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Senate probe finds forced medical procedures in immigration center

Some women detainees at a Georgia center were subject to excessive, often unnecessary gynecological procedures, subcommittee reveals

An exterior view of U.S. Immigration and Customs Enforcement agency headquarters.
An exterior view of U.S. Immigration and Customs Enforcement agency headquarters. (Alex Wong/Getty Images file photo)

Some women held at Irwin County Detention Center in Georgia were subject to “excessive, invasive, and often unnecessary gynecological procedures,” according to a bipartisan Senate investigation unveiled at a hearing Tuesday.

Sen. Jon Ossoff, D-Ga., chairman of the Senate Homeland Security and Governmental Affairs Investigations Subcommittee, shared the findings of the 18-month probe into forced medical procedures in U.S. Immigrations and Customs Enforcement detention.

“This is an extraordinarily disturbing finding, and in my view, represents a catastrophic failure by the federal government to respect basic human rights,” Ossoff told the subcommittee.

The hearing featured testimony from Karina Cisneros Preciado, who was detained at Irwin for seven months. Cisneros Preciado was diagnosed with an ovarian cyst and treated, including with contraceptive shots, by Dr. Mahendra Amin, a government-contracted physician.

However, another doctor who later treated her determined there was no evidence of a cyst, and Cisneros Preciado said she did not properly consent to the treatment she was given.

“I’m extremely scared to go to any doctor or myself and for my kids,” she told the committee. “And the reason I’m sharing my story is because I don’t want this to happen to any other women or any other person in general.”

The panel interviewed more than 70 witnesses and reviewed more than 541,000 pages of records from the U.S. government, the detention center, Irwin County Hospital and LaSalle Corrections.

La Salle Corrections is the private company that ran the detention center. The Biden administration announced in May 2021 it would no longer send detainees to that facility after a whistleblower report.

Outside medical experts who reviewed medical records and documents had “significant concerns” about the treatment Amin provided to detainees.

According to the investigation, Amin performed 93 percent of all Depo-Provera contraceptive injections given to ICE detainees between 2017 and 2020, as well as 92 percent of all limited pelvic exams and 82 percent of all dilation and curettage procedures.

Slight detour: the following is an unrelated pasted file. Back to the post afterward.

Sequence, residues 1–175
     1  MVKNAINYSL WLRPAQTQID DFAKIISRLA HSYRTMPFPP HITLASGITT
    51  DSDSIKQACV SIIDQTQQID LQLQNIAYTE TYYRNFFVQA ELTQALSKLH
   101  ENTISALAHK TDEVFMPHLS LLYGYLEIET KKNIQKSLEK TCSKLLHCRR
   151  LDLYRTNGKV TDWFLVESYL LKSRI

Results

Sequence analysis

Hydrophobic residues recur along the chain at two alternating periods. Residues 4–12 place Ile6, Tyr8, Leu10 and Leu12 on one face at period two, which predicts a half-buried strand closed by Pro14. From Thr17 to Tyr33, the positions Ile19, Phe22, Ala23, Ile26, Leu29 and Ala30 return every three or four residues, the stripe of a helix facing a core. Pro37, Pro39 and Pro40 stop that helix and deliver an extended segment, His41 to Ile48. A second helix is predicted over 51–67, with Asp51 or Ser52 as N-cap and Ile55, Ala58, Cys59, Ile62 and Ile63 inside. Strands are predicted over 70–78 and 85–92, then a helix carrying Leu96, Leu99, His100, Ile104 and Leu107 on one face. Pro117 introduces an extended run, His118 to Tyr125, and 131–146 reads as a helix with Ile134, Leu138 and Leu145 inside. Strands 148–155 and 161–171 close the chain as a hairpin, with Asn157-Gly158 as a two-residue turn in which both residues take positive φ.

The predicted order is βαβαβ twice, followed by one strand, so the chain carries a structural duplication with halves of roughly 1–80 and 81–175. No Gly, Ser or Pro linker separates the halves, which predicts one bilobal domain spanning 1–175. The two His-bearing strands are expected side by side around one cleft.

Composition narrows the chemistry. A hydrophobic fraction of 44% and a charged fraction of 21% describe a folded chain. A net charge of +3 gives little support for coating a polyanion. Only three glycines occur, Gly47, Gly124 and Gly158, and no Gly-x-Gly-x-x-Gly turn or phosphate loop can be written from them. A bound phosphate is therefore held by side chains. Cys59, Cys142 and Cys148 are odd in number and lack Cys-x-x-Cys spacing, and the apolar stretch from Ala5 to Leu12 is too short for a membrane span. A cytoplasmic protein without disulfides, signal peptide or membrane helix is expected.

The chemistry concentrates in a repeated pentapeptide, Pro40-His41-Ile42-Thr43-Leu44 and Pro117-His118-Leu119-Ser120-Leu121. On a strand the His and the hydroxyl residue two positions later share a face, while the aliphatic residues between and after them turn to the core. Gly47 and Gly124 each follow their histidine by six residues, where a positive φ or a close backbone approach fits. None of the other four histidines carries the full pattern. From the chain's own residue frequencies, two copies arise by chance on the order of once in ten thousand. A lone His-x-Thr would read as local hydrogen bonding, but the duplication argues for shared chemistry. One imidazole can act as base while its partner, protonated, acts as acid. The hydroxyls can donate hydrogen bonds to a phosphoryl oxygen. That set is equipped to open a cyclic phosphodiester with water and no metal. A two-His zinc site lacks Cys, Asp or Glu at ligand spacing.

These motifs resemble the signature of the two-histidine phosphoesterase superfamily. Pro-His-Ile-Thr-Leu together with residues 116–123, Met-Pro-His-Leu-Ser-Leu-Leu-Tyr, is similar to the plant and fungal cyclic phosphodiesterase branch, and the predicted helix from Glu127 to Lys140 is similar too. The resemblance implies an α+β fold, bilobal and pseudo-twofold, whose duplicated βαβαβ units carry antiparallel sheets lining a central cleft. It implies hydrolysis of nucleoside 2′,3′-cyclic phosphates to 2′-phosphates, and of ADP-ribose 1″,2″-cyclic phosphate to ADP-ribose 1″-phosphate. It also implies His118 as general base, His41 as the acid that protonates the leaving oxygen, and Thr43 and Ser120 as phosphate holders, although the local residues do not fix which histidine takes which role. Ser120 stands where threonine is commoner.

“Many of these women identify as trauma survivors. Several report a history of either rape, sexual abuse or sexual assault,” Dr. Margaret Mueller, an associate professor of obstetrics and gynecology at Northwestern Medicine, testified at the hearing.

“All were incarcerated and unable to choose a medical professional with whom they felt comfortable. In that setting, these women were forced to relinquish their autonomy.”

Investigators also found that Amin had been sued by the Department of Justice and the state of Georgia in 2013 for Medicaid fraud and other wrongdoing related to unnecessary gynecological procedures.

Later in the hearing, Ossoff pressed government officials and LaSalle Corrections on the procedures Amin performed as well as the division of responsibility between the government and the private contractor.

“Why did your agency fail? How did you allow this to happen? How did you allow dozens if not hundreds of women to be subjected to unnecessary gynecological surgery?” Ossoff asked Stewart D. Smith, assistant director of ICE Health Service Corps.

“We weren’t aware of these complaints,” Smith responded, noting that government employees were not present at the medical provider’s office and did not know about the misconduct until a whistleblower complained in 2020.

“We want to fix the system so it doesn’t happen again,” Smith said.

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